Seerah and Hadith: What is the Difference??

Seerah and Hadith: What is the Difference?

Taken from a live lecture series entitled “Seerah: Lessons and Morals” delivered by Abu Ammar Yasir Qadhi

If Seerah1 is defined as the life or way the Prophet (SAW) lived, then what is the difference between Seerah and Hadith2 or even the Sunnah3? The Seerah is a collection of narrations about the people and events surrounding the Prophet (SAW) arranged in a chronological order. The amount of rigor put into authenticating and analyzing the chains and narrators4 of an incident or event that is found in the Seerah is far lower than when a narration is used in the Sunnah or Hadith. Only the top of the top narrations, namely Sahih5 or Hasan6 are used in the books of Hadith and Sunnah. As for Seerah this is not the case, the narrations used include all the authentic and acceptable ones, along with ones with weaknesses. The reason for including these weaker narrations is in order to fill in gapes or holes in the story. The reason we do this is because if we were to be just as strict and apply the same rules in accepting narrations in the Seerah as Hadith then, this would mean that we wouldn’t be able to get narrations about the status of the Arabs, and the forefathers of the Prophet (SAW) because everyone who narrated them were Non-Muslims. Examples of this are the narrations about the Story of the Feel (Elephant)7, and the incident of ‘Amr Ibn Luhayy Al-Khuzaaee8, or even the life of Abdul Muttallib9.So, since we use weaker narrations in Seerah, we can not use the seerah as evidence to support rulings and beliefs found in fiqh10 (Islamic Juriprudence) or aqeedah11 (Islamic Belief). We cannot derive rulings of fiqh or aqeedah from the Seerah. So in conclusion, we cannot derive or use as our proof for our worship, our beliefs or our methodology from the seerah alone, we have to use the authentic Sunnah as our primary reference and not rely upon seerah alone.

From this we can say that scholars of seerah like Ibn Is’haaq12, specialized in seerah out of all the sciences of Islam, and this is true for most of the scholars. Each and every scholar has a specialty in a certain field of Islam. Just like a person usually doesn’t specialize in engineering and also medicine, this is the case with Islam, some people specialize in hadith and are called muhadditheen13 (s. muhaddith) and some people specialize in fiqh and are called fuqahaa14 (s. faqeeh). Ibn Is’haaq’s specialty was seerah therefore he was abandoned by the scholars of hadeeth when it came to narrating hadeeth and a reason for this might be because he might include those weaker narrations while he narrated the hadeeth._______________________________________________________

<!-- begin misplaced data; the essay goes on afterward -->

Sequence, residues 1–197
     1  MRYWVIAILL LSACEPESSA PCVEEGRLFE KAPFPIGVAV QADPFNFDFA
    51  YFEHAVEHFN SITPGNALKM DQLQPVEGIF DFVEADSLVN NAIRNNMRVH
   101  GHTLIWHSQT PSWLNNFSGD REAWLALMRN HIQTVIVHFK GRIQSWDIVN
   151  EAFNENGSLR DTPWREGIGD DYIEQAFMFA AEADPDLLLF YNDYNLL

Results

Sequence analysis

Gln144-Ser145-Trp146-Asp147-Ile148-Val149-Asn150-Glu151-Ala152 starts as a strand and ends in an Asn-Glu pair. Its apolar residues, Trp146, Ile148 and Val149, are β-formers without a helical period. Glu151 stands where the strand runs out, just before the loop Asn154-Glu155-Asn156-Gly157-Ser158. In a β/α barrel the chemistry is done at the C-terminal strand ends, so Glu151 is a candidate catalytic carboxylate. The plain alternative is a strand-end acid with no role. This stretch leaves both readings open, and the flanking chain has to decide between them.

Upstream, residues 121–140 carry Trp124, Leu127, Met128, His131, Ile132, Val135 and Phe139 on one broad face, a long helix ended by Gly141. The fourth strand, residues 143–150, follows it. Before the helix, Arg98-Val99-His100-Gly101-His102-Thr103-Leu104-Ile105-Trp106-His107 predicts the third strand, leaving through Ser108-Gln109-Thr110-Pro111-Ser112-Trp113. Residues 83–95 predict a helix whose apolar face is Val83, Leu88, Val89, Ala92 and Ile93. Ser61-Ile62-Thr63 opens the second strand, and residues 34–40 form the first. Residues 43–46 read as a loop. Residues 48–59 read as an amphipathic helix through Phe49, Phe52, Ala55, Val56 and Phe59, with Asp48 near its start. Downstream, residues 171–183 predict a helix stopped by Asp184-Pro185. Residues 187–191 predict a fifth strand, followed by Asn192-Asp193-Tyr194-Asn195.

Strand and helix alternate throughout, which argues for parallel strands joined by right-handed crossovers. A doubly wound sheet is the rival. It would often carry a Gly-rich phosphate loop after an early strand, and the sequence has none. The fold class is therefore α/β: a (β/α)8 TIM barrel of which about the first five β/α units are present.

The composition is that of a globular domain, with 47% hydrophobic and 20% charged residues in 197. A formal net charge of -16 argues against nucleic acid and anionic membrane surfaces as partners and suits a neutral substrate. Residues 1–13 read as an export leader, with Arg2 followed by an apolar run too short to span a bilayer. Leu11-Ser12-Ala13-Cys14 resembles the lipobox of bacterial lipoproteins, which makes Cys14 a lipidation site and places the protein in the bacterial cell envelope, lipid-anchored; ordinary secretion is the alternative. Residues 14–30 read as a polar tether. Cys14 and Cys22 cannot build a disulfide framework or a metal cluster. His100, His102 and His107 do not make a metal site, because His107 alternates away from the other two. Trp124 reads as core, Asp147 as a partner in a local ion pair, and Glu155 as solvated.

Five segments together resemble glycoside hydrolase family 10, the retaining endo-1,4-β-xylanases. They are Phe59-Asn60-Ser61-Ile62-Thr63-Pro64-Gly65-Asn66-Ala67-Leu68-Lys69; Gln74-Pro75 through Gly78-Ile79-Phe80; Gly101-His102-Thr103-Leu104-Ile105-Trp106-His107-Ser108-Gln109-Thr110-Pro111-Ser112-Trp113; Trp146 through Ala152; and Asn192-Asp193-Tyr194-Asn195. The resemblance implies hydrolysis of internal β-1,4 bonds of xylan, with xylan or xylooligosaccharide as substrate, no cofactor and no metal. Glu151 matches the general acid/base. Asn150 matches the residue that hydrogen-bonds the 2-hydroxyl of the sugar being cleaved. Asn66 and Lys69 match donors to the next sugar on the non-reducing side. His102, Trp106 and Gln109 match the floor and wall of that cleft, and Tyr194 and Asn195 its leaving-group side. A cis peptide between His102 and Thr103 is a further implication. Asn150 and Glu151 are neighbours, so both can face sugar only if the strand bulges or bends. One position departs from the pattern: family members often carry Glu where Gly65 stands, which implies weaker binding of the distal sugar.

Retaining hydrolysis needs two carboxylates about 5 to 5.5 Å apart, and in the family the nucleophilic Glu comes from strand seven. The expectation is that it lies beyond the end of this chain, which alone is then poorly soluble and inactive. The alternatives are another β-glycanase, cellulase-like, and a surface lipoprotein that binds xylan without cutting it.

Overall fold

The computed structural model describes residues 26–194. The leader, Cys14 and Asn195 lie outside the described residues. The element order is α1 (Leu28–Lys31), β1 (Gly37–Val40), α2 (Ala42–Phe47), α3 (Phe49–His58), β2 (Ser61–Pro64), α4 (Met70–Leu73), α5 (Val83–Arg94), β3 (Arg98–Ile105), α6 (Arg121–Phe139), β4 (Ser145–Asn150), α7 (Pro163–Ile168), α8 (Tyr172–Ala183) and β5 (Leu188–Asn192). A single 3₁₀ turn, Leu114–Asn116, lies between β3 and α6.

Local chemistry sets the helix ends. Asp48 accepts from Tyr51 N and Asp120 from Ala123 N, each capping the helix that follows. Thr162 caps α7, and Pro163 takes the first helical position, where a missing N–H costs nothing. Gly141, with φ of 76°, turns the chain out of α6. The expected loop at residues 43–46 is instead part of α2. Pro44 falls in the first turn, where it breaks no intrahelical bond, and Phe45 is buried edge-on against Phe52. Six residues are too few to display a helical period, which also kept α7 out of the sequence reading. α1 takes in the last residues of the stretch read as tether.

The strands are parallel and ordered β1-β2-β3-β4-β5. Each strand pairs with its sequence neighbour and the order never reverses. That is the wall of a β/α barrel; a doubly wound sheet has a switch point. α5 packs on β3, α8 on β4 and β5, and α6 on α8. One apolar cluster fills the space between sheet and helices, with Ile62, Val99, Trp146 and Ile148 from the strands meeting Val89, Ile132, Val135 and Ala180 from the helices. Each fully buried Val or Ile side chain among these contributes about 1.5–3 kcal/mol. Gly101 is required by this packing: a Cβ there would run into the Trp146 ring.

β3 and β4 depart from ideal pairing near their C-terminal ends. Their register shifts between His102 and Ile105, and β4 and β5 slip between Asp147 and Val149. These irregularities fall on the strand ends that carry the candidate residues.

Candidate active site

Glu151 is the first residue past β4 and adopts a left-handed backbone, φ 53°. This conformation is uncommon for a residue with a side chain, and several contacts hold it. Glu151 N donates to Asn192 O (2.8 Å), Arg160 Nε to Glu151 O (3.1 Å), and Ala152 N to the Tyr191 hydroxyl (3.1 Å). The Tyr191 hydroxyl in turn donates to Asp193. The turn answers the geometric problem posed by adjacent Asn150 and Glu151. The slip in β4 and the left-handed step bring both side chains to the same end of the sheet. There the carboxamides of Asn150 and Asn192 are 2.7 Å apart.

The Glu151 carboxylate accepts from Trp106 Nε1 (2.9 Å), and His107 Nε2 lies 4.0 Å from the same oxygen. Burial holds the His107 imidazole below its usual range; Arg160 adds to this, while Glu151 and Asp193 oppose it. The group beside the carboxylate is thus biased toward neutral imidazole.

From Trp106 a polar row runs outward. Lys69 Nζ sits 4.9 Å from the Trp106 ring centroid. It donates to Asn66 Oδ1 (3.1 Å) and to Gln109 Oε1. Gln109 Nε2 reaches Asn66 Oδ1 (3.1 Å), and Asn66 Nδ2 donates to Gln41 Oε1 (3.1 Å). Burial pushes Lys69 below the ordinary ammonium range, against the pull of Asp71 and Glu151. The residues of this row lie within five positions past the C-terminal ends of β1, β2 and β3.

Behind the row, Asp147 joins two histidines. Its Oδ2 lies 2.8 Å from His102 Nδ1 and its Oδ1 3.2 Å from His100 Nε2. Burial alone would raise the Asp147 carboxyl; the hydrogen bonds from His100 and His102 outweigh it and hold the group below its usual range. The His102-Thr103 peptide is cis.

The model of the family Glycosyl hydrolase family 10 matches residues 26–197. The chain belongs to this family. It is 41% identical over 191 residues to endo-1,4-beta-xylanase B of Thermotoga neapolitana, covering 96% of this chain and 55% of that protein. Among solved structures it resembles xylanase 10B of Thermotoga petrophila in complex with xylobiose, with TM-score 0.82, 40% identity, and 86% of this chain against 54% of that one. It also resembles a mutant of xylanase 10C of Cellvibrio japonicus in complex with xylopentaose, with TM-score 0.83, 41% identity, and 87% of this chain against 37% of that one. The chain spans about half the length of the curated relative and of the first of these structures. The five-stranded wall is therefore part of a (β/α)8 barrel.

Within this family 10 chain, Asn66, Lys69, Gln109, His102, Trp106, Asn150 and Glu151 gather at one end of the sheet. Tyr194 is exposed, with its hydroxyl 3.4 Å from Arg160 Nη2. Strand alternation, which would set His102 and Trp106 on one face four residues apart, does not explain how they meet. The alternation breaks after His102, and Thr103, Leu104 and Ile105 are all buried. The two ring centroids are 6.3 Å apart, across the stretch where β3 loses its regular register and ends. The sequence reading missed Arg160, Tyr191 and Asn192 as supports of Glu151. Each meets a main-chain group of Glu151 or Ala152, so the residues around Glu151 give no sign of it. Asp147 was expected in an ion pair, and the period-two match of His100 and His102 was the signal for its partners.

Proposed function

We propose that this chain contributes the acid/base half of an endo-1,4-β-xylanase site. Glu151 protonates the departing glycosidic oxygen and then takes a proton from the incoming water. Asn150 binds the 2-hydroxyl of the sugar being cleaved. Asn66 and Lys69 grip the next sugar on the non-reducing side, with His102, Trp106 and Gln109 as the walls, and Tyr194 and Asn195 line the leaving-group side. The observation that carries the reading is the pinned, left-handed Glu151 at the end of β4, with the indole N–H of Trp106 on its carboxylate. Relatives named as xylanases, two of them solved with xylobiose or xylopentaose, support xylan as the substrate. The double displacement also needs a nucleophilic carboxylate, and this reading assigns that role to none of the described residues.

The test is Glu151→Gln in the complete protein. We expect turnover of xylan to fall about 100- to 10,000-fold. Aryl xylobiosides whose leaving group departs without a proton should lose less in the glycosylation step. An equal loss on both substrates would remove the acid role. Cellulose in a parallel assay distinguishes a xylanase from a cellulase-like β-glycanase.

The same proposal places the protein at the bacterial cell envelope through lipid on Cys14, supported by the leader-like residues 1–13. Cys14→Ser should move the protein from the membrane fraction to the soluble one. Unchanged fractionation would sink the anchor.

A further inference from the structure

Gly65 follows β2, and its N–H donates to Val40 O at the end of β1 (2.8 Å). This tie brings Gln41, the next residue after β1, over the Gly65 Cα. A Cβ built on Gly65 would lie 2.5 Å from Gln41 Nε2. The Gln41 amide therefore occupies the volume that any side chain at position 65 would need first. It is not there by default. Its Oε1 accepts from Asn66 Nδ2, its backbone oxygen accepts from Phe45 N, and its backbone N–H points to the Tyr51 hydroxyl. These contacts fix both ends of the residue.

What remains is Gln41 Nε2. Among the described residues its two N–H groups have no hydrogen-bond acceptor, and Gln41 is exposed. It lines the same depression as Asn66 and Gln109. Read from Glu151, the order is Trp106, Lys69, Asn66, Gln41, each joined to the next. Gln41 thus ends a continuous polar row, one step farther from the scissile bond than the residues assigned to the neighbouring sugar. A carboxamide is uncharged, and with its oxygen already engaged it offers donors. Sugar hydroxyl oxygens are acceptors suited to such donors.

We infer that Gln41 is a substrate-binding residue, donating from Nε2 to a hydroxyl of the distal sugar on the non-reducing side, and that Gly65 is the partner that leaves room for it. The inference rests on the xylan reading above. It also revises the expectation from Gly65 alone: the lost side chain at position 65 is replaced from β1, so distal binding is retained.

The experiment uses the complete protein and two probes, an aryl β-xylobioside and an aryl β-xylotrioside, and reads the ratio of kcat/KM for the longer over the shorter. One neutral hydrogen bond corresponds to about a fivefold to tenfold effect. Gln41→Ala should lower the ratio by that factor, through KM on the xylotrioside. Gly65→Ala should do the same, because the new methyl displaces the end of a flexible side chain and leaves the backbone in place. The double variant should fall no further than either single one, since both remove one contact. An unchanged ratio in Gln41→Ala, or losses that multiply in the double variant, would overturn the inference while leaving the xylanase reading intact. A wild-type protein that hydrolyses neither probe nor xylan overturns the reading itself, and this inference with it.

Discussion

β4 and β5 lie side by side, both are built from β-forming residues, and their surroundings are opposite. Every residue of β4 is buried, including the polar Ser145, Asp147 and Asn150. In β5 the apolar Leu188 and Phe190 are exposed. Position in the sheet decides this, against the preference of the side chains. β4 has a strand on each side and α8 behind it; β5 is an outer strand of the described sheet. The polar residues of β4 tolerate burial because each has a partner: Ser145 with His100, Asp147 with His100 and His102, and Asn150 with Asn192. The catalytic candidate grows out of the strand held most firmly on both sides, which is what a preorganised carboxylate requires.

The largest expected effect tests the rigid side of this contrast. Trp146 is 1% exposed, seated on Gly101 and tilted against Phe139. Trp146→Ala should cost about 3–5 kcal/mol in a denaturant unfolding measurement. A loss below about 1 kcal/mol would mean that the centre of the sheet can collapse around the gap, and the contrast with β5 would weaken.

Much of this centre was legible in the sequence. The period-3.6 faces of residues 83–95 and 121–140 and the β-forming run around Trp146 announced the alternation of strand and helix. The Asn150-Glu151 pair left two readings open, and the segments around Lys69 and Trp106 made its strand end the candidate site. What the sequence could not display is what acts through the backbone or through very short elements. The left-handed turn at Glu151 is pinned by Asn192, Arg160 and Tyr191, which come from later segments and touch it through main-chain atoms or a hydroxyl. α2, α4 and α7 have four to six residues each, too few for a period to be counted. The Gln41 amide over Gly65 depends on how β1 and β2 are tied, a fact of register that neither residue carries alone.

Footnotes
1. Biography of the Prophet Muhammad (Sal Allahu Alayhi Wa Sallam) – Click here to see “What is Seerah!”
2. Literally – something that is a statement, communication, or story, or if used as an adjective it means new. In the Shari’ perspective it is a statement of the Prophet (Sal Allahu Alayhi Wa Sallam).
3. Literally it means a way, in the Islamic Sciences perspective it means the way of the Prophet (Sal Allahu Alayhi Wa Sallam), it is had different definitions based on which type of scholar uses it. More info on this topic to be posted soon InshaAllah.
4. Chain (Arabic is isnad) and Narrators (Arabic is rijaal) – use dint he Sciences of the authentication or rejection of hadith. More info on this topic to be posted soon, InshaAllah.
5. Sahih – a hadeeth that is authentic based on its chain of narrators. Accpeted as a source of Shareeah in Islam.
6. Hasan – a hadeeth that is good base don its chain of narrators. Accpeted as a source of Shareeah in Islam.
7. The Story of the Elephant or Feel is mentioned in the Qur’aan in Chapter (Sura) 105. It happened the year the Prophet (Sal Allahu Alayhi Wa Sallam) was born. It was an event where the king of Yemen tried to destroy the Ka’ba in Mecca by bringing elephants from Ethiopia, but were unsuccessful due to a miracle from Allah. More info on this topic to be posted soon, InshaAllah.